By 2015, there were an estimated 2.5 million people in the UK previously diagnosed with cancer [1], and rates continue to rise with prediction of increasing survival rates for most cancers [2, 3]. It is projected that there will be 4 million people living with or beyond cancer by 2030 [4]. As treatments and survival continue to improve, cancer now represents a chronic life-altering condition, and quality of life (QoL) is increasingly recognised as an important treatment outcome for those living with cancer [5, 6]. Depending on the type of cancer, survivors can experience a variety of adverse and late physical effects of cancer therapy, such as fatigue, pain and disability. However, survivors themselves have identified social and psychological problems (including depression, anxiety, and fear of recurrence) as important determinants of their QoL [7]. Studies have also shown that such psychosocial factors are more highly associated with QoL than the type and extent of the cancer. Although these problems are clearly prioritised by cancer patients [8], they still receive comparatively less attention in clinical care and research. A 2019 British study of 526 colorectal cancer survivors found that unmet psychological needs were the highest of all unmet needs following treatment [9]. These psychological unmet needs included feelings of sadness, loss of control, fear of cancer recurrence and death, uncertainty, and difficulty in keeping a positive outlook. Notably, the percentage of patients with psychological unmet needs, 15 months after treatment, remained consistent when measured again at 24 months. These unmet needs, in addition to physical, health system, and informational needs, were associated with poorer health-related quality of life at the end of treatment. Therefore, it is potentially possible to identify ‘at risk’ patients as soon as they have finished treatment [9].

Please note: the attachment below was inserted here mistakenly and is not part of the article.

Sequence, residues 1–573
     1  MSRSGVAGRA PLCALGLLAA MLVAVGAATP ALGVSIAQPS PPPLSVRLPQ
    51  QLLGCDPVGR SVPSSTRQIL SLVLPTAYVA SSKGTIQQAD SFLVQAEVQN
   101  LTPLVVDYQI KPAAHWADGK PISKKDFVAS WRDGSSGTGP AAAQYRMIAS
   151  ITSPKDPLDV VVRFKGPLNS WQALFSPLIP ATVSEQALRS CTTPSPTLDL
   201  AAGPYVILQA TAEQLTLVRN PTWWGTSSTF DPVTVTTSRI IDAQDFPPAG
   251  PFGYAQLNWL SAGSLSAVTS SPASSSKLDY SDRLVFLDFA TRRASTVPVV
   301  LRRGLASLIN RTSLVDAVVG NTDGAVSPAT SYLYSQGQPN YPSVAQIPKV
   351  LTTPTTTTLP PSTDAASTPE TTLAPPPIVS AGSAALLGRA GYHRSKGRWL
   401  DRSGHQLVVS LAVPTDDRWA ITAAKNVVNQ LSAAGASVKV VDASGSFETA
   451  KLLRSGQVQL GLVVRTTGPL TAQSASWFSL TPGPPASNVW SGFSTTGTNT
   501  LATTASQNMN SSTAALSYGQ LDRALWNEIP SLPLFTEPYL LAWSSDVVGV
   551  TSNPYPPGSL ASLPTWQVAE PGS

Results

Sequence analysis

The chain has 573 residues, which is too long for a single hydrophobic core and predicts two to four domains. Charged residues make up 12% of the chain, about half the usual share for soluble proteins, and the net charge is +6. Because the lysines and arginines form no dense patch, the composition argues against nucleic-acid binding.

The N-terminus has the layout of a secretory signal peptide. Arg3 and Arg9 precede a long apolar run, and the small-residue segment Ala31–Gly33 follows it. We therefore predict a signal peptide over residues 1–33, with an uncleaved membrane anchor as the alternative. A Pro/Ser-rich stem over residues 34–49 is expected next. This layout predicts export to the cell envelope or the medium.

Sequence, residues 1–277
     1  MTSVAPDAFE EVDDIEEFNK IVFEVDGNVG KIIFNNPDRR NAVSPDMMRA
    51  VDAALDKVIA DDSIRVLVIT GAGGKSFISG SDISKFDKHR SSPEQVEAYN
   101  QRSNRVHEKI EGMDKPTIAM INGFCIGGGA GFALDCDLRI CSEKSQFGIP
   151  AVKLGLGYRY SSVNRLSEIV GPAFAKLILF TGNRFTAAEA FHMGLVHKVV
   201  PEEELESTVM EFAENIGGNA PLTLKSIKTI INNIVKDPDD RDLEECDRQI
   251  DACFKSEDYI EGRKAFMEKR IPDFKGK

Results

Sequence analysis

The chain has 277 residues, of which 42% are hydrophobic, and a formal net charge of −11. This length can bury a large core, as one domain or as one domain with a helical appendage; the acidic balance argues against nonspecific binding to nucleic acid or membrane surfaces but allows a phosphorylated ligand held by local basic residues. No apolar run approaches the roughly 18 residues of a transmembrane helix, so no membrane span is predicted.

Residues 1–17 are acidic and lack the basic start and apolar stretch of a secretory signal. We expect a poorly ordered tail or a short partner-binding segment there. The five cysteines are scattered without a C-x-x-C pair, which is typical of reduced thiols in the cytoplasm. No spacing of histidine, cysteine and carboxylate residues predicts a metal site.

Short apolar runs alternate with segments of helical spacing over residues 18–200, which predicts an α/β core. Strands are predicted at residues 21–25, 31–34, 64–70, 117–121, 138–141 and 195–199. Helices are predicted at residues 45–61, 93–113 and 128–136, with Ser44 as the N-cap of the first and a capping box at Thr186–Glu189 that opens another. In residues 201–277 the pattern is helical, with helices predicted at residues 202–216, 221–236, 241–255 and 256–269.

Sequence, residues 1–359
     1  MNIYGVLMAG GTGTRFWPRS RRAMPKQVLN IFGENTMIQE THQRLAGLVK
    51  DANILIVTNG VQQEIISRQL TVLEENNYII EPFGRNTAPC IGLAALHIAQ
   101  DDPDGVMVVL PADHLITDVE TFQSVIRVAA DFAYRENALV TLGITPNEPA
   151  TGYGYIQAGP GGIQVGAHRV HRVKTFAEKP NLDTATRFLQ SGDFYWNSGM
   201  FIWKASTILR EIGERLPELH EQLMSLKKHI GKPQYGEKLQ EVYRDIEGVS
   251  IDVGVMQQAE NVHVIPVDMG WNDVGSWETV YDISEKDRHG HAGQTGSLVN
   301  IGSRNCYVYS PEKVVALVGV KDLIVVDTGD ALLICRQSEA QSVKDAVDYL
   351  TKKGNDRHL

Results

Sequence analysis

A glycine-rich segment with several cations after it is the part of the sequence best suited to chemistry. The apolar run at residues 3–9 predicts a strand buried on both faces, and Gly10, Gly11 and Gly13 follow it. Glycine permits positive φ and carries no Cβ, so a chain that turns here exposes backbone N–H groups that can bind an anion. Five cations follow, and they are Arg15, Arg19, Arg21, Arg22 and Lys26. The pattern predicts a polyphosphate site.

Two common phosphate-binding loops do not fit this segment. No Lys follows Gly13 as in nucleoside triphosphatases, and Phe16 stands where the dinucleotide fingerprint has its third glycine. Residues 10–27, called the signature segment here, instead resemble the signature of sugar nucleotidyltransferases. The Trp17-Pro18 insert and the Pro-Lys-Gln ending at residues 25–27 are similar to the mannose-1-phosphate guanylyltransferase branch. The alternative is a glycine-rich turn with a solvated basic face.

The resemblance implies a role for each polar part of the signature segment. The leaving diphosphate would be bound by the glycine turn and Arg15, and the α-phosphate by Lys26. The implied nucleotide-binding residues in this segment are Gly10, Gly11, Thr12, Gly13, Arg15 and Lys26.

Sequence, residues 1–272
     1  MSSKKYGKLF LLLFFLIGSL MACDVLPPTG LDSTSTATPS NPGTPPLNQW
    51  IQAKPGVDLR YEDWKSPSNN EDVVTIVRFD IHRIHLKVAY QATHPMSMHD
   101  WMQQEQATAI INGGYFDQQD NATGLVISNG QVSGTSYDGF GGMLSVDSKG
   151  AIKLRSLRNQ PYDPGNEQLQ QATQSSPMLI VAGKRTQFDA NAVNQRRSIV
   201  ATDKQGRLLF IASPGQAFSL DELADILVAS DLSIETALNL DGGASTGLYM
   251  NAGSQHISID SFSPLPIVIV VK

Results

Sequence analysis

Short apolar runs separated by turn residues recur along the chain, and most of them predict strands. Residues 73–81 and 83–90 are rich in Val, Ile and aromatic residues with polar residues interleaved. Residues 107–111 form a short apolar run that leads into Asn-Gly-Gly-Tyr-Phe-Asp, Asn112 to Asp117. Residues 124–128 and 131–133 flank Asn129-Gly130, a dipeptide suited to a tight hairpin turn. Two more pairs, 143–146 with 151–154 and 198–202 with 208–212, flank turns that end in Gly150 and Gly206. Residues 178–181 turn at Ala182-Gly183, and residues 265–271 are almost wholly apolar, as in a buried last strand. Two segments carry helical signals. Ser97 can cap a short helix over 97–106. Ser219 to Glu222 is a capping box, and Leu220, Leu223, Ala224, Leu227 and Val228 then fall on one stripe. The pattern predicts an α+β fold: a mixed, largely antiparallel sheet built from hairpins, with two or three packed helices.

Defining and measuring the QoL of people living with and beyond cancer is not straightforward. There are several well validated and widely used measures of health-related QoL, but these focus predominantly on physical symptoms (rather than psychosocial issues) related to the functional effects of being treated for cancer, and often include specific symptoms such as shortness of breath or disabilities such as problems walking. Such symptoms can also be related to other comorbid conditions and, in a recent study, Vissers and colleagues [10] showed that medical comorbidity explained more variance in health-related QoL than did cancer characteristics. Furthermore, the study of cancer survivorship abounds with studies examining primarily negative outcomes such as distress, diminished QoL and functional impairments; less is known about positive changes following the experience of cancer. A more contemporary approach to the study of QoL acknowledges the multidimensional and dynamic impact of cancer whereby the experience of cancer can be life changing in both negative and positive ways [11].